Tag Archives: pasty

Suomi Home Bakery & Restaurant (Houghton, MI)

After three days of hanging out in the Keweenah Peninsula, it was time for us to start heading home, with a stop to visit with Carol’s family in the Lower Peninsula. As we worked our way back toward the Mackinac Bridge, we decided to stop for breakfast in Houghton and check out one of our favorites from a previous visit, Suomi Home Bakery & Restaurant. Located on Huron St just a block away from Portage Lake (which separates Houghton from the sister town of Hancock), Suomi. My previous review of Randall Bakery discussed the mixed Cornish and Finnish culinary heritage of the Upper Peninsula’s copper country, and Suomi Home (for those not fluent in Finnish, ‘Suomi’ is the Finnish word for Finland) is nod to the area’s Finnish-American Heritage, and is a well-known favorite for both Finnish-style breakfasts and Finnish-style pasties. On this visit, we were hoping to score a bit of both, stopping in for breakfast while grabbing some pasties to eat as a picnic on our way south.

Continue Reading ...

Randall Bakery (Wakefield, MI)

Way back in the early days of Offbeat Eats, I discussed the issue of “Pasties” at length. While originating in Cornwall (which still has an extremely active Pasty culinary scene), during the late 19th century, the rapid decline in the Cornish mining industry resulted in Cornwall’s major historical export over much of the last century was… Cornish people, who settled in all sorts of pockets of around the world, with major settlement waves primarily in those regions with mining interests: Michigan’s Upper Peninsula, Minnesota’s Iron Range, Pennsylvania and West Virginia coal mining, and even notable pockets in Mexico, Australia, and Spain. And they brought their culinary traditions with them, adapting them to local ingredients, traditions, and conditions. In the case of the Upper Peninsula of Michigan, the pasty was particularly embraced by the locals, especially with the mining crowds, and got quickly adapted. In particular, the other major expatriate group in Michigan’s Upper Peninsula mining community, the Finnish, adapted it to their own tastes based upon the Karelian Pasty. Tthis is where much of the substitution of carrot for the more Cornish-traditional turnip or rutabaga (a.k.a. ‘swede’) came from, along with some different preferences for crusts. The result is still quite popular; indeed, I remember driving US-2 between The Bridge and Wisconsin, and encountering over 4 dozen places selling pasties along the shore. And there are almost as many varieties: I’ve had flaky crust and firm crust pasties; pasties ranging from ‘moist’ to ‘dry’, spicing between mild and “black pepper bomb”, and everything ranging from traditional Cornish ingredients (hanger steak, rutabaga, potato, onion), to Finnish (either substituting carrot for rutabaga, or omitting it), or even “new” pasties with interesting ing . And the crimp? It ranges from the Cornish side crimp, to a Finnish- or Devon-like top crimp, to even the baseball like “tuck-under”, resulting in a more spherical-like pasty. With that in mind, it was important during our crossing of Michigan’s Upper Peninsula to make sure we stopped at least a few times, and try out a local pasty. In this case, our first stop was in the Western UP, in the quiet town of Wakefield, for pasties from Randall Bakery.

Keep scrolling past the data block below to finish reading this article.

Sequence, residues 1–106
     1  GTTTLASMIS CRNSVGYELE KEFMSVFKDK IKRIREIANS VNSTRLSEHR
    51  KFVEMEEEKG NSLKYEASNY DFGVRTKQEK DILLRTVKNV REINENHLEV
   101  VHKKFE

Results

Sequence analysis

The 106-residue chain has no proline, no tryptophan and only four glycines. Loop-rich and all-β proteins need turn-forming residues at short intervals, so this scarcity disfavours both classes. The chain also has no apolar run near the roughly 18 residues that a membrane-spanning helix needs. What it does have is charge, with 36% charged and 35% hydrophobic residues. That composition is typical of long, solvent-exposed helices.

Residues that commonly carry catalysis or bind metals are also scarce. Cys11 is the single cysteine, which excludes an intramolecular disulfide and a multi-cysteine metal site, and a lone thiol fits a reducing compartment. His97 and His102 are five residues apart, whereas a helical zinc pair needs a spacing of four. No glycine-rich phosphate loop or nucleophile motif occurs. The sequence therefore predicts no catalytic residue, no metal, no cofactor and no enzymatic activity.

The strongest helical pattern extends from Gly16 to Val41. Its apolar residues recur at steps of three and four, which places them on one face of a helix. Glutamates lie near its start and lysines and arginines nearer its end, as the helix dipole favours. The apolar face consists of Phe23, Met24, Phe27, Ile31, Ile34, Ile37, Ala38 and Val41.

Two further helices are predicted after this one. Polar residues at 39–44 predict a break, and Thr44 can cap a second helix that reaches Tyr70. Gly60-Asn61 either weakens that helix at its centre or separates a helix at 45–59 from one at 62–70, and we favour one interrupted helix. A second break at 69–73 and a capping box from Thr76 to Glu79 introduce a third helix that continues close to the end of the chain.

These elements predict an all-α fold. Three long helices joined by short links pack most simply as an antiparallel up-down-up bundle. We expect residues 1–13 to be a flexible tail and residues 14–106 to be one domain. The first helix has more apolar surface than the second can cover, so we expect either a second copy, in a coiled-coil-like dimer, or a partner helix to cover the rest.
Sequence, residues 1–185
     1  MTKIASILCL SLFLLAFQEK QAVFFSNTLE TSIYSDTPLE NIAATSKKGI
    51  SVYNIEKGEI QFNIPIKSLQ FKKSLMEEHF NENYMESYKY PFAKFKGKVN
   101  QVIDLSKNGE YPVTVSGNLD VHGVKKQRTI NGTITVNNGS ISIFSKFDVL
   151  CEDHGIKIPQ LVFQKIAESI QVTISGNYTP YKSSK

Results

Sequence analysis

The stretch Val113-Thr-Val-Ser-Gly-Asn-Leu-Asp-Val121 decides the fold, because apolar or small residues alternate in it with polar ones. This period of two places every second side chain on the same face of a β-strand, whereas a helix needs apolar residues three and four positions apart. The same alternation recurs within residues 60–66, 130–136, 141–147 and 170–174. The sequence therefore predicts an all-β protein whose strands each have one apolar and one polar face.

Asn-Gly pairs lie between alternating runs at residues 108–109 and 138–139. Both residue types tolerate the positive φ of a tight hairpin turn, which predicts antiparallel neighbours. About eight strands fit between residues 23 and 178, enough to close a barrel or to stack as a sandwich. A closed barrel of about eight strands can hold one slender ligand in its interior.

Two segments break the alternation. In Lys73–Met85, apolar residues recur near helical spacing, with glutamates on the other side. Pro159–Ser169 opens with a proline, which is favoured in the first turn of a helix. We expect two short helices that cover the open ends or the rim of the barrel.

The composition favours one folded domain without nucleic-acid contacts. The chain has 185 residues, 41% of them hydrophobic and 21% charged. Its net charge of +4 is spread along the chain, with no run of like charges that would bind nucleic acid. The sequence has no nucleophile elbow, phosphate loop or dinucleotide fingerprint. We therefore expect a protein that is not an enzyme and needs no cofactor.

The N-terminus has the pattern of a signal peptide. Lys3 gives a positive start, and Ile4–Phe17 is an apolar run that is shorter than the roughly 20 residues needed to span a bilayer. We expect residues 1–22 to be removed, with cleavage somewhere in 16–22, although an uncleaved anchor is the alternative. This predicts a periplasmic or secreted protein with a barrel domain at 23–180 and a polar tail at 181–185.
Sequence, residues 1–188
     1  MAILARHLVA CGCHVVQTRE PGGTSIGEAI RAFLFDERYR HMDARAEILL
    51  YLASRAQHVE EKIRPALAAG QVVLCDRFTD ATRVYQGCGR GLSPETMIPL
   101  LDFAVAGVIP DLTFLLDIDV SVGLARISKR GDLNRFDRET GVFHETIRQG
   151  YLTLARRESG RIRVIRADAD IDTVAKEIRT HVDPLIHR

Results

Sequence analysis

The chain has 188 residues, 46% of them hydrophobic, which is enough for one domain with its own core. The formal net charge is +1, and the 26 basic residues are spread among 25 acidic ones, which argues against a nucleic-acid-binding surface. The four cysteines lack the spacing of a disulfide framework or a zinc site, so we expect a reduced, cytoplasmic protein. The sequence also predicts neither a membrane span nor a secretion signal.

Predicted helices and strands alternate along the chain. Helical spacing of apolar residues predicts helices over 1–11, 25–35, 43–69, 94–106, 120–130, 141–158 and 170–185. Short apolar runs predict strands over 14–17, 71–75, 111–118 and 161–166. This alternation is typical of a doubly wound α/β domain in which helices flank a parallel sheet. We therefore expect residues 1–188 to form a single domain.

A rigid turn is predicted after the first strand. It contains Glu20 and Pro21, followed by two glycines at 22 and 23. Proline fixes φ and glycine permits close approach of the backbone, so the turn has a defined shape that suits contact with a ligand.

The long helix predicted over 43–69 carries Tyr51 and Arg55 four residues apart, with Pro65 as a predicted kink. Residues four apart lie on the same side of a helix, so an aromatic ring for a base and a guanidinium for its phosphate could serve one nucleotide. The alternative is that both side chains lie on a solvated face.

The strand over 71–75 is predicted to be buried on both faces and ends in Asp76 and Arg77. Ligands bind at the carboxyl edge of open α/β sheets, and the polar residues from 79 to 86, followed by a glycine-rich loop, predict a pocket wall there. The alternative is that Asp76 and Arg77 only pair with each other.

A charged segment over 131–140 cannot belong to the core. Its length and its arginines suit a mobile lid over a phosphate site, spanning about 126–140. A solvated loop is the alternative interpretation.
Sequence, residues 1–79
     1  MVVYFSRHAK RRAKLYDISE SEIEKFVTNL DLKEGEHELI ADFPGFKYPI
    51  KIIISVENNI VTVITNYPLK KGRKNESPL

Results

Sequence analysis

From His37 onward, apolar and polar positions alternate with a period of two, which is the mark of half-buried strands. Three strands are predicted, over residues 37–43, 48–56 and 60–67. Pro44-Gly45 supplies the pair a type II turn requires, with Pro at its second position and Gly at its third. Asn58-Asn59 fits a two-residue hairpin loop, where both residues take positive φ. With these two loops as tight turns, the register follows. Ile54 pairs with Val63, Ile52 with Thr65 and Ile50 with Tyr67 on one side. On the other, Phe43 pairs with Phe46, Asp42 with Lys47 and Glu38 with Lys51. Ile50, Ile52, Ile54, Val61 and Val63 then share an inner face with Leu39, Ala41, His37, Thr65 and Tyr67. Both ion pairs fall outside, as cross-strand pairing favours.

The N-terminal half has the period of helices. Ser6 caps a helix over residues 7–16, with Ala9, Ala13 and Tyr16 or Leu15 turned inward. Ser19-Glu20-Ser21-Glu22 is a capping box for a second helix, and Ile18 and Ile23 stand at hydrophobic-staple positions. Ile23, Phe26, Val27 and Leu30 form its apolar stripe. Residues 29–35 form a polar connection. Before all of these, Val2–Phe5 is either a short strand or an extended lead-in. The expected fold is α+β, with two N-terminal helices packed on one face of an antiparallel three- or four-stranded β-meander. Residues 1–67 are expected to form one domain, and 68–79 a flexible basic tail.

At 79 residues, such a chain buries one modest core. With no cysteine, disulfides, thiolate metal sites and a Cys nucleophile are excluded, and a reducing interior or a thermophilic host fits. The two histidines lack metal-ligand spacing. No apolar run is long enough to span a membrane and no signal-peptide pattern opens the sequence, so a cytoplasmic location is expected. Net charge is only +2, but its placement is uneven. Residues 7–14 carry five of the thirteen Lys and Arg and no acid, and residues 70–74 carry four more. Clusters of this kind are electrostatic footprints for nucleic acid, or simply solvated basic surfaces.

Continue Reading ...

Concerning Pasties

During last month’s trip to London for my brother’s wedding, Carol and I took a long side-trip down to Cornwall to visit with my sister-in-law’s family and visit some of Cornwall’s many scenic attractions (as well as learning the joys of barreling down narrow Cornish B-roads at 50 mph, a treat not to be missed…). And no visit to Cornwall is complete without at least one sampling of the hallmark of Cornish cuisine: the pasty.

Continue Reading ...